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Mabel Aoun

Mabel Aoun

Saint-Georges Hospital Ajaltoun, Lebanon

Title: Cerebral hemorrhage in haemodialysis patients

Biography

Mabel Aoun has graduated in 2004 as a Nephrologist from the Université Saint-Joseph in Beirut-Lebanon. She completed her fellowship in nephrology at Kremlin- Bicêtre Hospital in Paris-France. She has a diploma in Renal Pathology from Université Saint-Antoine, Paris. She is the head of department of Nephrology and Dialysis at Saint-Georges Hospital Ajaltoun-Lebanon. She was responsible for the training of interns and residents from Saint-Joseph University and Kaslik University between 2007-2012. She is also a consultant in nephrology at the lebanese ministry of public health since 2012. Her main interests are glomerulonephritis’ pathology and treatment as well as the improvement of haemodialysis and peritoneal dialysis treatments in her country.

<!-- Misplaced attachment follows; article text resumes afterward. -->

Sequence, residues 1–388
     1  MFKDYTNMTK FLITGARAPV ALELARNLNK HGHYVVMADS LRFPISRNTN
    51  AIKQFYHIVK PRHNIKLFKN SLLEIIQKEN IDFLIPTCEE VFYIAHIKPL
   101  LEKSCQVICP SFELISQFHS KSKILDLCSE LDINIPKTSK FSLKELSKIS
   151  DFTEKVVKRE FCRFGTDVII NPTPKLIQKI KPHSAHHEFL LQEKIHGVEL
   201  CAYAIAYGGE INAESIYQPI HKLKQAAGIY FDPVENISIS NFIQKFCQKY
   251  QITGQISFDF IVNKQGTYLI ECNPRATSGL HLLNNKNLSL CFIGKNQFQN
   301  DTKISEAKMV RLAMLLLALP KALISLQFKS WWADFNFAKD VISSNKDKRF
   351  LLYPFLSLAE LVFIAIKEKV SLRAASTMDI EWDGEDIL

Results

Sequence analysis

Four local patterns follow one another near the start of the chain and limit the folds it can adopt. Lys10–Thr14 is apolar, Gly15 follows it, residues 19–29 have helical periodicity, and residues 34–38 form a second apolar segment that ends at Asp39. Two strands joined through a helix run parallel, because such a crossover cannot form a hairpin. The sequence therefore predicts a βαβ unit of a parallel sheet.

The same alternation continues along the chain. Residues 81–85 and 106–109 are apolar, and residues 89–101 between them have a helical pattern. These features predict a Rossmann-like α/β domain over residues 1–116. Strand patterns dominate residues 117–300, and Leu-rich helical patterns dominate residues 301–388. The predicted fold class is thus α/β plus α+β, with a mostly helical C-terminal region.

Abstract

Antiplatelets therapy and anticoagulants are widely used in hemodialysis (HD) patients as a primary or secondary prevention for cardiovascular diseases. Their major side effect in this population is cerebral or digestive hemorrhage. We conducted a retrospective study in our center between 2005 and 2011 to find out whether the prescription of these drugs is well indicated and when it should be avoided in hemodialysis patients. 125 patients were dialyzed in our center between January 2005 and December 2011. They were divided into two groups. Group I included 68 patients who were not taking any antiplatelet or anticoagulant treatment. Group II included 57 patients: 26 were taking aspirin, 16 clopidogrel and 15 acenocoumarol. The mortality in Group I was 50% without any hemorrhagic complications. In Group 2 the mortality was 74 %. 19% in group 2 experienced hemorrhagic complications (6 cerebral and 5 digestive). 9 out of 42 deaths (21%) in Group 2 were secondary to hemorrhagic events: five patients on antiplatelet therapy developed hemorrhagic stroke and four patients on oral anticoagulant died because of digestive bleeding. The five patients who were on aspirin and died of cerebral hemorrhage were all uncontrolled hypertensive patients. Our results suggest that antiplatelet therapy represent a high risk for cerebral hemorrhage in patients with end-stage renal disease on chronic hemodialysis especially in those with uncontrolled hypertension. In summary we conclude that prophylactic aspirin should be used with caution in hypertensive patients on HD.